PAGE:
But we do need change, and urgently. So what should we look for from the candidates for municipal office? Look for specific commitments that can be measured by results. Look for personal passion and a deep commitment to change, such as:

100 percent zero waste by 2030: San Francisco is showing it can be done. The city has already reached 69 percent waste reduction and is aiming at 75 percent by 2010 and zero waste by 2020, without resorting to incineration, which turns waste into toxic air pollution. See www.zwia.org

End homelessness by 2020: Calgary has set a goal to end homelessness within 10 years, which, as well as ending human suffering there, will also save the city $3.6 billion. Vancouver and Victoria must do the same. See www.endinghomelessness.ca

Increase cycling to 10 percent of all trips by 2015: In Davis, California, 17 percent of all trips made are by bike. In Copenhagen, Denmark, it’s 36 percent and the goal is to reach 50 percent by 2015. This means planning for safe, long-distance bike routes throughout the city where bikes do not have to compete with cars. It’s totally achievable if we put our minds to it. See www.copenhagenize.com

Contribute to the province’s goal of 100,000 solar roofs by 2020: That’s only a five percent rate of roof coverage. For a city the size of Vancouver (pop. 612,000), that’s 15,000 roofs generating solar electricity or hot water, or both. See www.solarbc.ca

50 percent of all cars and light trucks to be electric or plug-in hybrid electric by 2020: Israel and Denmark are planning for the widespread take-up of electric vehicles through the project known as “Better Place.” Paris, Berlin and Stuttgart are planning to get there under their own steam, through the leadership of their city councils. We need to begin planning right now for a future without oil, before we are left stranded, unable to heat our homes or travel by car. See www.betterplace.com

A community garden in every neighbourhood: We know that locally grown, organic food is better for us, the climate and the planet, so we must create space to make it happen. Seattle shows what’s possible with its P-Patch Gardens, and in Oakland, California, the Food Policy Council’s goal is that 30 percent of the city’s food be produced in or near the city. See www.cityfarmer.org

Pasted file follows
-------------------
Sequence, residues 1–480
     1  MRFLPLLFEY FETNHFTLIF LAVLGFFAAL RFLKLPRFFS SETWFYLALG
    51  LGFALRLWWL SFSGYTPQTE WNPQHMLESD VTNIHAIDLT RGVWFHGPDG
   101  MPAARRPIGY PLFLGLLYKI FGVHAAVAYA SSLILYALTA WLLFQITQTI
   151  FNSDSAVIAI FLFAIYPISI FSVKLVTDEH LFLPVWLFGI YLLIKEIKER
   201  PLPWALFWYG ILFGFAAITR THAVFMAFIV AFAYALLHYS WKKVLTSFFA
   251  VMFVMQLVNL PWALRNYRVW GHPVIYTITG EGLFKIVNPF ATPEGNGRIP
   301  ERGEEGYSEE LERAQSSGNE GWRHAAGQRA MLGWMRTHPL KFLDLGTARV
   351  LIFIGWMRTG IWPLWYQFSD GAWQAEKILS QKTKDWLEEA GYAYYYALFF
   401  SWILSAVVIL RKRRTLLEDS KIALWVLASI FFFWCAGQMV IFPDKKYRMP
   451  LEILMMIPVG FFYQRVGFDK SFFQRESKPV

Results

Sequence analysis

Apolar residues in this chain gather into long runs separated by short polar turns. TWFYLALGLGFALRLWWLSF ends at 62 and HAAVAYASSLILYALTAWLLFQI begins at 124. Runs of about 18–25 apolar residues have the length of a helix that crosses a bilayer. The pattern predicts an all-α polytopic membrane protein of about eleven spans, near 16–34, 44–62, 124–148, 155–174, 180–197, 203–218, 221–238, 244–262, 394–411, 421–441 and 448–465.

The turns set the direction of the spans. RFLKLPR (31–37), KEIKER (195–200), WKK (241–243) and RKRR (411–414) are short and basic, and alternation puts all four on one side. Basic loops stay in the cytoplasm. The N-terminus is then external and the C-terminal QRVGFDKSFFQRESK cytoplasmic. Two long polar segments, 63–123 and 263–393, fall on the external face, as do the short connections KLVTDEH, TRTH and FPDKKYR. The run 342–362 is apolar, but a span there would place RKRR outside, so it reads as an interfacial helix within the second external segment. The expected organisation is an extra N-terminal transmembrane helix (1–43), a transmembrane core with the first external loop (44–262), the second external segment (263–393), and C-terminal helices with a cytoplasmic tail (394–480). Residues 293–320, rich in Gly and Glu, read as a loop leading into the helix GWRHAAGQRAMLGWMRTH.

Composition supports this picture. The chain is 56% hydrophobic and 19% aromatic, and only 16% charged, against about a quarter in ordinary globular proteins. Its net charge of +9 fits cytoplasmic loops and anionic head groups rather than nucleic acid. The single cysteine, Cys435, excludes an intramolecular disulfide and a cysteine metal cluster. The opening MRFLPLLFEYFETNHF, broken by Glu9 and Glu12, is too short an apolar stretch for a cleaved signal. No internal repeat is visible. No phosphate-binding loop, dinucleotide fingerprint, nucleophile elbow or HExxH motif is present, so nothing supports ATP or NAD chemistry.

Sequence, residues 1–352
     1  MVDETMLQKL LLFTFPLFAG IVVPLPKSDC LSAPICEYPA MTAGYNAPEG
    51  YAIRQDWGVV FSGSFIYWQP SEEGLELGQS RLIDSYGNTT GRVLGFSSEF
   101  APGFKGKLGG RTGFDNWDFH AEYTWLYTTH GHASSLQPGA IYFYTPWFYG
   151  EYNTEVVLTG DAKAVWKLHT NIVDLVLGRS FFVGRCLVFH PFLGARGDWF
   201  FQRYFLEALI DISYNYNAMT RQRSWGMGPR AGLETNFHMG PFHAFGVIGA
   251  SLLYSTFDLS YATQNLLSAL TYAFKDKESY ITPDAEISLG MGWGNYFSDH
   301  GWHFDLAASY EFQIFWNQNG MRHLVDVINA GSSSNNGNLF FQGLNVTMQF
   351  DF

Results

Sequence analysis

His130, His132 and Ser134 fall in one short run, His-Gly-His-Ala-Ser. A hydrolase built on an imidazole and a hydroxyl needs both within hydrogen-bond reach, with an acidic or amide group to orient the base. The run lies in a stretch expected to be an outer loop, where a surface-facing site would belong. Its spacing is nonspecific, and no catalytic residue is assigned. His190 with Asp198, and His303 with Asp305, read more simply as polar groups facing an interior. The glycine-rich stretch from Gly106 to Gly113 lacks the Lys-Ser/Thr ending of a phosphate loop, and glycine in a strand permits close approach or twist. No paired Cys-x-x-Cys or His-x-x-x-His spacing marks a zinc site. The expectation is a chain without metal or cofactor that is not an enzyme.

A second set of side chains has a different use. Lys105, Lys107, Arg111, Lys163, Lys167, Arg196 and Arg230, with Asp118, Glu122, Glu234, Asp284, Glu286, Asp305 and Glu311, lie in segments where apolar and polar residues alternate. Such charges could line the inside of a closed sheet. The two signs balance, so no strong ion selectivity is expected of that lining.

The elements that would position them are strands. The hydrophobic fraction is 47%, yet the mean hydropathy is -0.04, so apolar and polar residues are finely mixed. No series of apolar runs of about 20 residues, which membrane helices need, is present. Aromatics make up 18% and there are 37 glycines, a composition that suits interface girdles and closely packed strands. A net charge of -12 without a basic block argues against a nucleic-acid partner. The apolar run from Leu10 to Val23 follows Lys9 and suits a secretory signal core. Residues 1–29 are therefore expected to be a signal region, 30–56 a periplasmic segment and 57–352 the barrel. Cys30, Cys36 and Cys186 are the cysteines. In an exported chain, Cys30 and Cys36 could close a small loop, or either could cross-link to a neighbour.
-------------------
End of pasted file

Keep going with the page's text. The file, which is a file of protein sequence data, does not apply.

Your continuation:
Engage everyone in the community in reducing their carbon footprints: If we are to make any progress, every household, business, school and organization must start going green. In Britain, the villagers of Ashton Hayes reduced their collective carbon footprint by 20 percent in just one year. If they can do it, so can we. Seewww.goingcarbonneutral.co.uk.

And that’s just the start. In Vancouver, Gregor Robertson and the Vision Vancouver team of candidates (council, school and parks boards) has, by far, the best chance of achieving a similar agenda, but only if we vote them all in. Elsewhere, you’ll have to choose them individually, candidate by blandidate. See www.votevision.ca


Guy Dauncey is president of the BC Sustainable Energy Association, editor of EcoNews and author of Stormy Weather: 101 Solutions to Global Climate Change and other titles. He lives in Victoria. www.earthfuture.com

The kids are all right

SCIENCE MATTERS by David Suzuki with Faisal Moola

The 21st century is an exciting time for young people. Technology like email and social networking websites makes connecting with people easier than before and Google puts a virtual library on everyone’s desk. This current generation of youth has unprecedented exposure to knowledge, and the old adage that knowledge is power still holds true.

I’ve been approached by different groups to talk to young people at universities. I’m speaking at campuses across Canada, either in person or by video, on a tour with the Canadian Federation of Students, about global warming and its solutions. My daughter Severn and David Suzuki Foundation CEO Peter Robinson are also speaking at some stops. I’ll also speak to young people in Ontario as part of a campaign called Flick Off, which is encouraging people to consider renewable energy as a solution to some of the serious environmental and economic problems our dependence on fossil fuels has created.

Whenever I talk to students, I’m reminded of the joy I experienced as a college student, surrounded by curious classmates who were forming their opinions about the world. Public interest in the environment is at an all-time high today and that’s bound to affect the values that students form and the choices they make. Attending college is an exciting phase of life and students should be encouraged to question the way things are.